fb-pixel Skip to main content

If the Red Sox offense feels like a riddle wrapped in a mystery inside an enigma sometimes, that’s because it is.

No team’s scored more runs than the Sox, no team’s cranked out more hits, and no team’s better with runners in scoring position. Yet only two teams leave more runners on base, only three teams are worse with the bases loaded.

But when it clicks — as it has essentially all season — it does so on all cylinders.

A night after leaving 11 runners stranded and going 4 for 15 with runners in scoring position, the Sox hammered out double-digit hits for the 67th time this season, Dustin Pedroia was knocking on the door of some hitting history, and the Sox took a fire extinguisher to the Kansas City Royals’ red-hot starter Danny Duffy on the way to an 8-3 win that snapped a three-game losing streak.

With all the scoring opportunities the Sox create — they lead the AL in at-bats with runners in scoring position and the majors in at-bats with the bases loaded — Sox manager John Farrell wasn’t concerned about his team not cashing in.


“We’ve got very good hitters,” Farrell said. “Up and down the lineup, they’re good hitters so they’re going to create opportunities. The bases-loaded situation, to me it’s an outlier in some sense. Yeah, the numbers say what they are. We know that. There may be some times when guys are trying to maybe do a little too much at times. But still, there’s a lot of confidence in this group. We’re going to go up against good pitching. We’ve got the ability to handle those types of pitchers.”

Coming in, the matchup had the look of a pitcher’s duel between two of baseball’s best lefties in Duffy and David Price.


Duffy was as hot as anyone in baseball. He was riding a 10-game winning streak and he hadn’t given up more than two runs in any of his past five starts. But the Sox always had given him trouble. He’d made five starts against them in his career with an 0-3 record and a 5.61 ERA to show for it.

Things didn’t go much better for him this time around.

He was roughed up for seven runs on nine hits (both season highs) and knocked out of the game after five innings, his shortest start since June.

Meanwhile, David Price held the Royals to two runs on five hits in six innings, striking out seven to pick up his fourth straight win and up his record to 13-8.

The assault on Duffy started from the top down with Pedroia going 4 for 5 with two RBIs. Xander Bogaerts went 2 for 4 with a two-run homer and an RBI double. Hanley Ramirez went 2 for 4, hitting his 17th homer of the season.

Duffy found himself in trouble from the start.

Pedroia stroked a leadoff single to center to start the game. The next at-bat, it seemed like he’d overpower Bogaerts with his fastball after firing one in at 96 miles per hour that Bogaerts had to foul off. But when he dialed it up to 97 with the count full, it stayed in the middle of the plate and Bogaerts launched it into the Monster seats for his 16th homer of the season.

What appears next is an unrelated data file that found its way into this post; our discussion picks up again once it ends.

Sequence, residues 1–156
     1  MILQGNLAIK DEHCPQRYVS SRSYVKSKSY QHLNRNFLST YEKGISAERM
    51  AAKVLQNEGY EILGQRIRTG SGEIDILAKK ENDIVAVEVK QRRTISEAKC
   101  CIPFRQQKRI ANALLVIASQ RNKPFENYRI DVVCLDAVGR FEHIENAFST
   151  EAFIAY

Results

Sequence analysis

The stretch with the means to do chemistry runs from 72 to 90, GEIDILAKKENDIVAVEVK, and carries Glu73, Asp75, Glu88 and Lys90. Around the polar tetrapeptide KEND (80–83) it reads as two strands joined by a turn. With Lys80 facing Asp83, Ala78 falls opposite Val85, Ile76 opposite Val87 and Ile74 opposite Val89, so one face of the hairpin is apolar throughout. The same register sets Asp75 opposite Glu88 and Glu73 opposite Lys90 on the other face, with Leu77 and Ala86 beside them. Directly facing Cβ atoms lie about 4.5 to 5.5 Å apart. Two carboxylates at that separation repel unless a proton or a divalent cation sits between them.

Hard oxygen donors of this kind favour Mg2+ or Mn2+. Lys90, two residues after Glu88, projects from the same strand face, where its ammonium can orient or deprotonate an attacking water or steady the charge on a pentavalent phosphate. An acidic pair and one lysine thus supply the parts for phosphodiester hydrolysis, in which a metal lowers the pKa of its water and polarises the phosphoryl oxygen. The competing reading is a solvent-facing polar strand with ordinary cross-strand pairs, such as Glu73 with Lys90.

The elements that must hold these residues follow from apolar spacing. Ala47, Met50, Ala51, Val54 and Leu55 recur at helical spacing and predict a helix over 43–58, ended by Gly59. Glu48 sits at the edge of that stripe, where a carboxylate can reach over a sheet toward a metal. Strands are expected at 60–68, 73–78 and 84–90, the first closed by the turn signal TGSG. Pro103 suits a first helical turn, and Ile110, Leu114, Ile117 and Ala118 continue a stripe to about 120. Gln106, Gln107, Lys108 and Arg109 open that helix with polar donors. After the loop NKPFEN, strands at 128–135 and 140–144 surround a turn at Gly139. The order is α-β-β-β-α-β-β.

“That’s about as easy and as smooth a swing as Xander’s going to take and the power speaks for itself,” Farrell said.

The Royals got the runs back in the second, when Salvador Perez tagged Price for a solo homer (the 22d Price has allowed this season) and Alcides Escobar ripped an RBI double to the gap in left-center to tie it at 2, but Price kept them quiet the rest of the night while the Sox piled up runs.

Trying to work his way out of a slump, Jackie Bradley Jr. came through with an RBI ground-rule double over the short fence in right in the second inning. An at-bat later, Pedroia followed up by shooting a line drive down the left-field line that scored Bradley and gave the Sox a 4-2 lead.

Pedroia struck again in the fourth with a two-out RBI single.

In the fifth, Betts and Ramirez blew the game open with back-to-homers — almost to the exact same spot in the second row of the seats tucked in the corner of the Monster. The blast gave Betts 29 homers for the season and five homers in just 16 career games against the Royals.

The Sox added Duffy to a long list of elite pitchers they’ve manhandled this season, including Zack Greinke (nine runs), Dallas Keuchel (eight), Marcus Stroman (seven), and Jose Quintana (six).

“The one thing that stands out is I think we’ve been able to handle velocity very well,” Farrell said. “Big-time arms — we’ve got good bat speed in our lineup — we’re able to handle that. We get pitches on the plate — whether it’s Pedey, Mookie [Betts], Bogey, David [Oritz] obviously — we’ve got some guys that can handle velocity. That’s as good a power lefthander as we’re going to face anywhere in Duffy. He’s having a great year, but we were able to capitalize on some mistakes in the zone tonight.”


They went 4 for 9 with runners in scoring position and stranded just five runners. The win kept them a game behind the first-place Toronto Blue Jays in the AL East.

“I feel like earlier in the year, we were constantly hitting in those situations and now, the last couple of games, we haven’t,” Betts said. “Baseball’s definitely a game of ups and downs — we’re just on a down. We still have plenty of time to go and we can always turn that around real quick.”

Julian Benbow can be reached at jbenbow@globe.com.